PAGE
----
Teen Intensives Behind-The-Scenes: Lights and Sound

lights
We interviewed Jon Brophy, the advisor for the light crew.

1.) What is your favorite part of working on lights?
My favorite part of being a lighting designer is the collaboration. Lighting is not a stand alone art form for me, it’s part of a large scale project that requires all aspects working in unison to implement successfully. It’s my job to provide a bridge that allows the audience to take that one final step into the fictional world we are creating. Working together, we can create full sensory experiences that tell amazing stories.

2.) How do you keep track of all the lighting cues?
Paperwork. Lots of paperwork.

3.) How do you show the mood of a scene through the lights?
Trade secret? No, every designer will have their own methods of manipulating the mood of a scene, it’s all in the brushes that you use on the characters. I won’t tell you specifically how I do it, as it’s such a long answer I could write a small book on it, and for a small fee, you can buy many such books already published.

A soundboard.

A soundboard.

——-

We also interviewed Austin Hamilton, the advisor for the sound crew.

1.) What is the best part of working on sound?
I would say the best part is the feeling of having a show go well, when everyone, the audience, cast, and staff, are happy.

2.) What is it like working with microphones?
The mics for Theater are a little trickier than what you would use for music/bands. They tend to feedback easier, so they can be more challenging to work with.

3.) What do you do if they stop functioning properly during a show?
I would send a tech assistant to go down and see what the problem is. Most of the time it’s something simple like batteries running out, or a cable coming loose.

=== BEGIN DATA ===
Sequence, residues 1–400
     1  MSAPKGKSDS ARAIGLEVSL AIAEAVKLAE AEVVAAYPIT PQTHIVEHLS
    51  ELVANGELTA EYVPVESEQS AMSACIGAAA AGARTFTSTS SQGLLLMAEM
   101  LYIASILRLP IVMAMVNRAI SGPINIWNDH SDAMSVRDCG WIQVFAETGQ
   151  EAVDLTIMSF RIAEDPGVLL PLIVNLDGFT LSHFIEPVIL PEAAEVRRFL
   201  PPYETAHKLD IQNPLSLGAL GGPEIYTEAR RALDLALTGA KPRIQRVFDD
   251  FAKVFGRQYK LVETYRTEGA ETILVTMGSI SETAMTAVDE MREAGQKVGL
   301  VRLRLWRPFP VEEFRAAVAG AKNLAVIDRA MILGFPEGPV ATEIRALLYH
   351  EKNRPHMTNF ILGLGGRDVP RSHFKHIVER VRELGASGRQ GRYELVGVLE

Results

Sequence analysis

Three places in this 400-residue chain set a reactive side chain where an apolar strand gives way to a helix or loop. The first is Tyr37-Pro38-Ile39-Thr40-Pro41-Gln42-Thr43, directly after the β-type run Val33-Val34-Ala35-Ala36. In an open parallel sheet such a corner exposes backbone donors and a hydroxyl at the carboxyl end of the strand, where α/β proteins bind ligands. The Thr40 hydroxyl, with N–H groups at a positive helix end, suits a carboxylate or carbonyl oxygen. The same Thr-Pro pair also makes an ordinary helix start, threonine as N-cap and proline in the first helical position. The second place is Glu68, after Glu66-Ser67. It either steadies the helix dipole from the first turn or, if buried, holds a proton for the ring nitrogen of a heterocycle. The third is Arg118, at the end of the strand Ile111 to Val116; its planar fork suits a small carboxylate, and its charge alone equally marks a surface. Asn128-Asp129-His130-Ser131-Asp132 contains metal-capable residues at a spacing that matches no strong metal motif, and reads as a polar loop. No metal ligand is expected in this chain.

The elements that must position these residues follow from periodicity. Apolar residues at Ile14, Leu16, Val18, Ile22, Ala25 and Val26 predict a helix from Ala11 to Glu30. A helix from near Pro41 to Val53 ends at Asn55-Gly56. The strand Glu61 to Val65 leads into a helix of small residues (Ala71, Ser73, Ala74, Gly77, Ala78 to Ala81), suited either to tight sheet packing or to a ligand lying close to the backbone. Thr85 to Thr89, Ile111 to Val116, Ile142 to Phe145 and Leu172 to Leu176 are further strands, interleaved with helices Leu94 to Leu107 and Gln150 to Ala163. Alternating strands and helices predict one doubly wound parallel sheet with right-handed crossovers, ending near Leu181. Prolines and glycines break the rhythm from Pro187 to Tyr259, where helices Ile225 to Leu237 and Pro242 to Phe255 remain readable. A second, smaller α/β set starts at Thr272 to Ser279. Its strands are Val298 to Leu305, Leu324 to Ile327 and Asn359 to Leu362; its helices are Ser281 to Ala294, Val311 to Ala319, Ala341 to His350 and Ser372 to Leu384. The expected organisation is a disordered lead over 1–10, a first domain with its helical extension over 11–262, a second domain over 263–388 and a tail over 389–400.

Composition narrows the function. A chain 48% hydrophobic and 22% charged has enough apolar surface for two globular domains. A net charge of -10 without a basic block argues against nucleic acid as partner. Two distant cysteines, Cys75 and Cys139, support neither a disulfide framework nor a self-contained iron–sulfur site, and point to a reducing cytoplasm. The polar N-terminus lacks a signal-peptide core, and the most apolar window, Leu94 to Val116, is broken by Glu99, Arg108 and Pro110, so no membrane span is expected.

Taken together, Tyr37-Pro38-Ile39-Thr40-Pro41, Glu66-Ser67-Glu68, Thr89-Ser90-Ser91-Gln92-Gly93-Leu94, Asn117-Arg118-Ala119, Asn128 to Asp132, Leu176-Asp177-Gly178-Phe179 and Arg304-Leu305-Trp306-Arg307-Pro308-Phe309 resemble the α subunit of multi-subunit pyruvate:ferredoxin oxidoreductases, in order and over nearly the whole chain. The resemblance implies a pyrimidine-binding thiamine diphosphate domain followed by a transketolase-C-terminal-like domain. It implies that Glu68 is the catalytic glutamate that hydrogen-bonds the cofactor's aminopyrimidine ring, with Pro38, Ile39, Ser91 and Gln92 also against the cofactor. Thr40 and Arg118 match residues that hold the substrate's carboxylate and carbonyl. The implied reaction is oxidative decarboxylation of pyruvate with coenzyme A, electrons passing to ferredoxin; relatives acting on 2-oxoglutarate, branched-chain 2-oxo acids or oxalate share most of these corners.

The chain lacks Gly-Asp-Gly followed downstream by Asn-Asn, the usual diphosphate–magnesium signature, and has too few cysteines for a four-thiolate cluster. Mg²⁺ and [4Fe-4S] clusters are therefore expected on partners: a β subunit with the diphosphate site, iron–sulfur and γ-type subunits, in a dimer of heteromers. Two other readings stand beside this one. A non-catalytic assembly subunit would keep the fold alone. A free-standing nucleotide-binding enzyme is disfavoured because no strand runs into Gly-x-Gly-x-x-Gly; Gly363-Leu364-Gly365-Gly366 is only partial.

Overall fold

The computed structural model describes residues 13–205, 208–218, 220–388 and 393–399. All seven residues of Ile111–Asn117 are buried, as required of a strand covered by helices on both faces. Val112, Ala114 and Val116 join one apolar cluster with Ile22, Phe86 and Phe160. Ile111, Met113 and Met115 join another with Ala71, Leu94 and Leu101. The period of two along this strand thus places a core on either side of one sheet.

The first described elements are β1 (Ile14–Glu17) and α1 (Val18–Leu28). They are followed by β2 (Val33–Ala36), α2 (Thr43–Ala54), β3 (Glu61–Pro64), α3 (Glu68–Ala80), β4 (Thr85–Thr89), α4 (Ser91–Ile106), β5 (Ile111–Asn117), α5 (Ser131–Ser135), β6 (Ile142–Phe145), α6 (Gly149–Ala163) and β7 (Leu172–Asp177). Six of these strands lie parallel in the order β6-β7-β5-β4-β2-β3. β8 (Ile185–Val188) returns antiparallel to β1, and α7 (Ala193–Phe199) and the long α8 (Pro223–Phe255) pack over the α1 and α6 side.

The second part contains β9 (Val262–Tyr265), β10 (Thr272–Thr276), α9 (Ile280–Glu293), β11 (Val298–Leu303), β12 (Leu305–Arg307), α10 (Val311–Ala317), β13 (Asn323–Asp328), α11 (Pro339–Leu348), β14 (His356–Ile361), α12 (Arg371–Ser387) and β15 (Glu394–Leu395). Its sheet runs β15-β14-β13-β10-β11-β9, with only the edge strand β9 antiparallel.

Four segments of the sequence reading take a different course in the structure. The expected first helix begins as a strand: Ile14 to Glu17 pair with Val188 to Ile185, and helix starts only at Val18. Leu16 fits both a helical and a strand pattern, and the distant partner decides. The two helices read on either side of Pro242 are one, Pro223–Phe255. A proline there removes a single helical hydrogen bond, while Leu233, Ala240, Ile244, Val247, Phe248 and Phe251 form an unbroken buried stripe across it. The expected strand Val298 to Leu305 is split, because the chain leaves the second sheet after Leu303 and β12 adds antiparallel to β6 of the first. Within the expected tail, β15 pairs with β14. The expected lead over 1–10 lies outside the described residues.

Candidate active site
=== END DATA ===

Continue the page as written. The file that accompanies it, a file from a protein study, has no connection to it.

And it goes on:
4.) How do you show the mood of a scene through sound?
There are a couple ways to accomplish this, one is through the music that is used to score the scene.

Another is compression, which is slightly more technical. Basically it allows you to automatically turn a person’s voice down and up. It makes it so it’s possible to have an actor yelling into their mic without tearing the audience’s head off, while still maintaining the impact of the yelling. You can also do the opposite, have an actor whisper but have it come through the speakers at a volume that is easy to hear while still having it sound like a whisper.

——-

This post was written by the Youth Repertory Company who will be performing as well as running the marketing, designing, costuming, and front of house for the Teen Summer Performance Intensives of Sweeney Todd: School Edition and William Shakespeare’s Titus Andronicus.

SWEENEY TODD: SCHOOL EDITION

When: August 14 & 21 @ 7pm | August 16 & 23 @ 2pm
Where: Duluth Playhouse
Tickets: Adults – $17 | Youth/Students – $14
Purchase: Online, call 218.733.7555, or stop by the Box Office located in the Duluth Depot building

TITUS ANDRONICUS

When: August 13, 15, 20, and 22 @ 7pm
Where: Duluth Playhouse
Tickets: Adults – $17 | Youth/Students – $14
Purchase: Online, call 218.733.7555, or stop by the Box Office located in the Duluth Depot building

Advertisements

Share your thoughts!

Fill in your details below or click an icon to log in:

WordPress.com Logo

You are commenting using your WordPress.com account. Log Out / Change )

Twitter picture

You are commenting using your Twitter account. Log Out / Change )

Facebook photo

You are commenting using your Facebook account. Log Out / Change )

Google+ photo

You are commenting using your Google+ account. Log Out / Change )

Connecting to %s